Michigan 42, Penn State 7

Michigan 42, Penn State 7 Comment Count

Ace November 3rd, 2018 at 8:22 PM

It's fully operational.

A hale and hearty Michigan took a stumbling Penn State squad behind the woodshed until they were sure there was no movement left, then added a couple more shots for good measure. Before the Nittany Lions' Sad Touchdown Drive, PSU managed only 111 yards on 36 plays, barely cresting a three-yard average—and needing that final drive against M's backups to avoid a rushing Rutger. The Wolverines bested PSU's total yardage on the ground alone, churning out 259 yards with the rushing attack.

They were a motivated group looking to avenge last year's defeat. James Franklin's decision to run up the score stuck with this team, and they didn't shy away from mentioning that motivation afterwards.

"We wanted to make sure to turn the intensity up so there was no coming back from that," said Karan Higdon, who accounted for 132 yards and a touchdown on 20 carries.

Michigan set the tone early, sacking Trace McSorley twice on the game's opening possession, then covering 76 yards on eight runs for the game's opening score, a read keeper that got Shea Patterson into the end zone untouched from a yard out.



Fee Fi Foe Film: Penn State Offense

Fee Fi Foe Film: Penn State Offense Comment Count

Seth November 1st, 2018 at 10:18 AM

Resources: My charting, PSU game notes, PSU roster, Bill C profile, CFBstats

There's a kind of football coach who revels in the engineering of it. These coaches love to understand how a play works down to the barest detail, then design something new from it that works because of all these other reasons. Inevitably most of these tinkerers are victims of their own success. Mouse Davis ended his career the wide receivers coach of Hawaii. Hal Mumme is currently the OC of Jackson State. And Joe Moorhead is the latest in a long line of football coaches whose families severely regret not pulling up a Google Map street view of Starkville, Mississippi before agreeing to live there.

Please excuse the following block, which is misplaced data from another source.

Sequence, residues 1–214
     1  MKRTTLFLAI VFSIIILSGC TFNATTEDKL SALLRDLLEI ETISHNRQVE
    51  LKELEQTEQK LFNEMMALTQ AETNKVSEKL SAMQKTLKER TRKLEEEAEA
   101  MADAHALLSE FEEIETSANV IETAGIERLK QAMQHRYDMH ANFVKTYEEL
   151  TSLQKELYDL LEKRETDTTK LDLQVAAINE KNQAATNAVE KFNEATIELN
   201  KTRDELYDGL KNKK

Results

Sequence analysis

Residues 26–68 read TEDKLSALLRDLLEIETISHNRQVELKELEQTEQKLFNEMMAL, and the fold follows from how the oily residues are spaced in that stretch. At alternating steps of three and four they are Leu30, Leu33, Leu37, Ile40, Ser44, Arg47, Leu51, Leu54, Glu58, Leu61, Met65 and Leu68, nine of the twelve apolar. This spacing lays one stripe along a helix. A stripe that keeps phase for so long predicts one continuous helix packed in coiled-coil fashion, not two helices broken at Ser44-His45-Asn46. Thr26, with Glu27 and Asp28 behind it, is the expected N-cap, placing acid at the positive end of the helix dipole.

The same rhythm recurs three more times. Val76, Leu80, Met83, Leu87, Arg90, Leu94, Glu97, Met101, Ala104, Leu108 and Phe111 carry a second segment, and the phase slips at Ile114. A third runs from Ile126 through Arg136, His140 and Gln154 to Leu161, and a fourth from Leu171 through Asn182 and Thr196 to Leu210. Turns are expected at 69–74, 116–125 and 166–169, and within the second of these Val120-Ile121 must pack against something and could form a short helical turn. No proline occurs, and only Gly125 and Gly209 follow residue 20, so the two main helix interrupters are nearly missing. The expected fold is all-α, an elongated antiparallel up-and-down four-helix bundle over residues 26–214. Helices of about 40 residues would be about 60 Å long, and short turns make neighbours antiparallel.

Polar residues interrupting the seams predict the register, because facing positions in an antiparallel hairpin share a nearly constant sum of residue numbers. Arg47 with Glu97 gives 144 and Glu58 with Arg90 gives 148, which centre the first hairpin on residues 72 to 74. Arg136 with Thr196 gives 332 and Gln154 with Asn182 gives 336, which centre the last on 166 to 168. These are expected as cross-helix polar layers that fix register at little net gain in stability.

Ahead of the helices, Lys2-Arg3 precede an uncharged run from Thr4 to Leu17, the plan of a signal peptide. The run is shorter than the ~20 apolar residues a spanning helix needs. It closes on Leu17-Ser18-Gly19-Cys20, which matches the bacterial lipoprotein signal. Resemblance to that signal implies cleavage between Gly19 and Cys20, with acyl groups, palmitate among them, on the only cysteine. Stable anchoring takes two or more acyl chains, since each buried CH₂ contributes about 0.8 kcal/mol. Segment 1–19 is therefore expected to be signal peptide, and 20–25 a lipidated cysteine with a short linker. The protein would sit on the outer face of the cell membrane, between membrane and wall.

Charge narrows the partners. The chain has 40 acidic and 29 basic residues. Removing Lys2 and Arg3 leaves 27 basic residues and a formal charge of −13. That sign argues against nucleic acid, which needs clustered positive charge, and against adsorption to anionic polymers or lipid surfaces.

The neat gadgets and new ways to toy with read options are all still in the playbook, as are the RPOs, the play-action off RPO, the screens, every running play ever conceived with a zone read added to it, a thing that might be a fake screen to the backup quarterback tied to an inverted QB belly dive, and the quarterback they built to operate all of it. What it's missing is the architect. Also the bombs.

The film: I used the bye week to get ahead and watched the Indiana game, again because they run the closest thing to Michigan's base defense and Michigan's level of blitzitude. I also had the MSU game that I'd already charted for the Spartans previews.

Personnel: My diagram:


PDF Version, larger version (or click the image)

The new offensive lineman is C Miichal Menet, a top-30 2017 guy who pushed RG Connor McGovern out to guard. LT Ryan Bates was a PFF star last year and he's decent but not a great pass protector. RG Steven Gonzalez is a big leaner and was a few more bad plays from a cyan. Keeping him from hit was RT Will Fries, who was bad for a freshman last year and seems to have gotten worse. These guys all got worked against MSU's good defensive linemen but Fries struggled against everybody.